A substandard assault

Jun. 04, 2014 @ 06:13 PM

State Rep. Graig Meyer, an Orange County Democrat and our region’s newest legislator, was being a bit facetious Tuesday as he recalled a hearing on a proposal to reject the Common Core educational standards adopted by North Carolina and 43 other states.

Virtually all the speakers at the hearing opposed the new standards, being implemented for the first time this academic year. They said the Common Core would “likely lead us to socialism, fascism, monarchy and crony capitalism,” Meyer quipped, as the Associated Press put it.

But Meyer – we suspect intentionally – highlighted the legislative majority’s oddly intense opposition to Common Core standards.

That majority is rushing toward scrapping the standards after educators have invested millions of dollars and countless hours preparing to follow them.

The House Education Committee voted along party lines Tuesday to endorse the ostentatiously named “Replace Common Core State Standards with NC’s Higher Academic Standards”  legislation. The Senate Education Committee followed suit Wednesday afternoon, and the full House voted 78-39 for the legislation later Wednesday.

The legislation would create an Academic Standards Review Commission under the Department of Administration, tasked with drafting new standards. While schools would continue to follow the Common Core next school year, the state Board of Education would be barred from further implementing standards.

We’ve acknowledged legitimate concerns about Common Core. Many educators and others agree significant tweaking is in order.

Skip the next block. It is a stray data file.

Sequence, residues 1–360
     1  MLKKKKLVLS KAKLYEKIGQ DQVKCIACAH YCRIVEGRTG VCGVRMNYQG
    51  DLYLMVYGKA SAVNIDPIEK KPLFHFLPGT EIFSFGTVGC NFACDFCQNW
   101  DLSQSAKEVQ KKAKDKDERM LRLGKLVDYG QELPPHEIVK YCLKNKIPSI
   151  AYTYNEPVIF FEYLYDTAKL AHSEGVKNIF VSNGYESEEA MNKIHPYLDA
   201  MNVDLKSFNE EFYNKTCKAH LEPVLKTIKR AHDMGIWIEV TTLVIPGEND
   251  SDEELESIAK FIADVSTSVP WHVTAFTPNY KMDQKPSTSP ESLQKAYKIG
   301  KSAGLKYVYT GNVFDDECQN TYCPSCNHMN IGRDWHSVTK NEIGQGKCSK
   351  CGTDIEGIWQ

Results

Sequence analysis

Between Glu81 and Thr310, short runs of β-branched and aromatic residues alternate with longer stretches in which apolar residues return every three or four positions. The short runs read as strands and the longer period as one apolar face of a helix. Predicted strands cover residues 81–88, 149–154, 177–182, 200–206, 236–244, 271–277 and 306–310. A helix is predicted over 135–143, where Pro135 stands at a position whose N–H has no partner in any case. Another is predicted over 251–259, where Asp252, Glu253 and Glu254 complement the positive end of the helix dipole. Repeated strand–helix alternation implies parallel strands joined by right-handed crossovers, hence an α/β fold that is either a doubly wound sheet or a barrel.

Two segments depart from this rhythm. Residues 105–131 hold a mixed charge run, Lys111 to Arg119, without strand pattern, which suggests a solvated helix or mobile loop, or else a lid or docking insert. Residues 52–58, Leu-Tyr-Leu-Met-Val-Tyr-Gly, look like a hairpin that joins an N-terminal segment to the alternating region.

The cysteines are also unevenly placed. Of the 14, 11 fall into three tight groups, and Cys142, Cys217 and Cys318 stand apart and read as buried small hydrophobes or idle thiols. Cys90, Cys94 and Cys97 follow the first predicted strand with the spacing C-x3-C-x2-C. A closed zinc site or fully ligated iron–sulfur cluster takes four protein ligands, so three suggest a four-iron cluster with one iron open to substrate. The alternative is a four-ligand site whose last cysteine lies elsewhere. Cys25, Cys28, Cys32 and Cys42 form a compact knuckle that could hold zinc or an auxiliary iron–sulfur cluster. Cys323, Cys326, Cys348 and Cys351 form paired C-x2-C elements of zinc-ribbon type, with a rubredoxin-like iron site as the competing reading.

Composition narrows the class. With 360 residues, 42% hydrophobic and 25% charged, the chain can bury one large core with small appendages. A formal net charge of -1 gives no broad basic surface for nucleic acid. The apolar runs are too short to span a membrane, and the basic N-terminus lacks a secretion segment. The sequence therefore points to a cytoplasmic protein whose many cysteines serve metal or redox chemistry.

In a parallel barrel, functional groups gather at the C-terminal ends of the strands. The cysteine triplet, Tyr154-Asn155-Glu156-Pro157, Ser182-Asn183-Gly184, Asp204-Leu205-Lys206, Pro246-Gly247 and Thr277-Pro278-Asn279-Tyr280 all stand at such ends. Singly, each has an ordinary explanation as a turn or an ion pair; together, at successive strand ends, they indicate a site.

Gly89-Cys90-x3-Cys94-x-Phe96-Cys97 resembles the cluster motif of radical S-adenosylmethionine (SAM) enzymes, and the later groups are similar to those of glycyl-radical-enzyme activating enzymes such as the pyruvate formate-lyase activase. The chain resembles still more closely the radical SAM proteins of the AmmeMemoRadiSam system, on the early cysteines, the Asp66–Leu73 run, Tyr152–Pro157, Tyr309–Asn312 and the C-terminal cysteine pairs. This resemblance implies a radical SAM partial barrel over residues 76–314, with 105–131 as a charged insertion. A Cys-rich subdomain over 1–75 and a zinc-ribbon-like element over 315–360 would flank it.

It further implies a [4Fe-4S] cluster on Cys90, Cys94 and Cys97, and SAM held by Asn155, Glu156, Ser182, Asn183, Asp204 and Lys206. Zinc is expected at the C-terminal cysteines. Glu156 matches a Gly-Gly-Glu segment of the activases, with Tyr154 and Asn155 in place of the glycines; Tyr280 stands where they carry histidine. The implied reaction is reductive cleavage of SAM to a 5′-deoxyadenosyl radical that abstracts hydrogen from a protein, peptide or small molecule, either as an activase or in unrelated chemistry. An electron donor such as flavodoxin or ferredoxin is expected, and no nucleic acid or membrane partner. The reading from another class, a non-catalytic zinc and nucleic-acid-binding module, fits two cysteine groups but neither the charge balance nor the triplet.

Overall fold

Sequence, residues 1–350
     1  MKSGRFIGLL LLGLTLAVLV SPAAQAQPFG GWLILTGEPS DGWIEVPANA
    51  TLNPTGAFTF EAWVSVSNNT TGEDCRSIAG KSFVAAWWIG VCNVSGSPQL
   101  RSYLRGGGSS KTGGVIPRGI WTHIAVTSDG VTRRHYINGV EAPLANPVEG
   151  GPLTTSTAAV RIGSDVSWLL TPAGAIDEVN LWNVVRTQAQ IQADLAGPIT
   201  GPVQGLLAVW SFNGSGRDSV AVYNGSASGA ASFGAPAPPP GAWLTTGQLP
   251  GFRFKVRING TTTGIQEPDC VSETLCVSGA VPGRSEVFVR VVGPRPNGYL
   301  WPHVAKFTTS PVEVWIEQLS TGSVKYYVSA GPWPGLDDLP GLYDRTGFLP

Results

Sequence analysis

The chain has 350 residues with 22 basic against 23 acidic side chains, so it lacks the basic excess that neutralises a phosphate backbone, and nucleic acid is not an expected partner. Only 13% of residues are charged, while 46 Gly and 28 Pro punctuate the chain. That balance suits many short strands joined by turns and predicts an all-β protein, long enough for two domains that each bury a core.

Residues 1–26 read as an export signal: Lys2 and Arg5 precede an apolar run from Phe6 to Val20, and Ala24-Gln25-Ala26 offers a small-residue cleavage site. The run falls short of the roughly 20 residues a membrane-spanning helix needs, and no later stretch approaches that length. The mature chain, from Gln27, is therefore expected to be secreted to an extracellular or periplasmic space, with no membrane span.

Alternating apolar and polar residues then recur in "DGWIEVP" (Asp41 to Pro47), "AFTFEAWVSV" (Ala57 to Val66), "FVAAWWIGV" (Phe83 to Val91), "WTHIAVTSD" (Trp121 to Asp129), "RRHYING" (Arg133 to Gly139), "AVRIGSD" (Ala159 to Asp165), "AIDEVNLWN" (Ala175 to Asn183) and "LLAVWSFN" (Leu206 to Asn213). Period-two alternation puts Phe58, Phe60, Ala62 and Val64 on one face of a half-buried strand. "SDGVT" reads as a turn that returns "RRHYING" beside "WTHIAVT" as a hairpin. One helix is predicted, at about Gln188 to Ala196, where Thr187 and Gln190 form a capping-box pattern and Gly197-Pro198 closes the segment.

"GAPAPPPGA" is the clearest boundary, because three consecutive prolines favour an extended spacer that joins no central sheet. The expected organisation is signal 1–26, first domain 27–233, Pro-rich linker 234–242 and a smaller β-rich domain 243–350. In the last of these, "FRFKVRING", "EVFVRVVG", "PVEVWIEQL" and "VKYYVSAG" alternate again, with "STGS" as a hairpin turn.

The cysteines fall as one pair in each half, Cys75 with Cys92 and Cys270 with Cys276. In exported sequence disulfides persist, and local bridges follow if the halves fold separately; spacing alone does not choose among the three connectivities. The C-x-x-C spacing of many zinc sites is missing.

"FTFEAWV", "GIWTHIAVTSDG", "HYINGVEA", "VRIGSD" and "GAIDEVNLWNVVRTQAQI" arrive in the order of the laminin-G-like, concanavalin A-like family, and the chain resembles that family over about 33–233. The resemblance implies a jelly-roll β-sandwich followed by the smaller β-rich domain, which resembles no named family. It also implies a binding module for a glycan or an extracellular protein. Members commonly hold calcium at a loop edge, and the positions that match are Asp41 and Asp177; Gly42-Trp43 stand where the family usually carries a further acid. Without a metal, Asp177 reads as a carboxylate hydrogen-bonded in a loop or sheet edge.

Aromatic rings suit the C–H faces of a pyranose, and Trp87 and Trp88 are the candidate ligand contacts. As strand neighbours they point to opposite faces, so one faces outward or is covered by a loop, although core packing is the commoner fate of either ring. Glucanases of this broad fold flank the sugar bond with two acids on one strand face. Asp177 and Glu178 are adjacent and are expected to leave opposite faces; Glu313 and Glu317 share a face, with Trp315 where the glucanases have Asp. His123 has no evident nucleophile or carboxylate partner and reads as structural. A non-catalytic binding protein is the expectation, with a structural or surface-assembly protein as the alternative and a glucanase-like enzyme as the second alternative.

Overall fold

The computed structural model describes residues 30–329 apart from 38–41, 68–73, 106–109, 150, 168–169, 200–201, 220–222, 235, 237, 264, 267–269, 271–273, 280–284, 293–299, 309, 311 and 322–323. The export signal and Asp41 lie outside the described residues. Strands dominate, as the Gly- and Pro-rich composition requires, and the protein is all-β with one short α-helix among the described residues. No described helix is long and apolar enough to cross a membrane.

But are the standards some sort of plot for a radical, monolithic national curriculum?

Well, consider that the N. C. Chamber of Commerce, a stolid business group, staunchly defends the Common Core and strongly opposes the legislative move to unravel them.

“Speaking on behalf of job creators, I can say with good authority that North Carolina’s current standards are, in fact, a positive step toward preparing today’s students for the jobs of tomorrow,” Lew Ebert, president and CEO of the chamber, said in a statement Wednesday.

Republican Gov. Pat McCrory has publicly supported Common Core and, like many dismayed at the rush to abandon it pointed to misperceptions – or intentional misstatements – of many opponents.

Many people, he said, wrongly blame the Common Core for the increase in student testing. The increase is a legitimate concern. But “some of those have nothing to do with Common Core, but everything’s been associated with Common Core and there’s total confusion there,” he said.

Secretary of Education June Atkinson, a Democrat elected three times to that post, worries with good reason that the legislation’s new processes will undermine the state education board’s constitutionally mandated authority to set standards. And she like McCrory bemoans the confusion over standards and testing.

“The tests we see today are a result of the General Assembly’s requirements that were passed into law over the past several years, and the result of the federal No Child Left Behind law,” Atkinson told N. C. Policy Watch.

The legislation that appears to be rocketing toward McCrory’s desk is bad law. He should veto it unflinchingly, futile though that may be.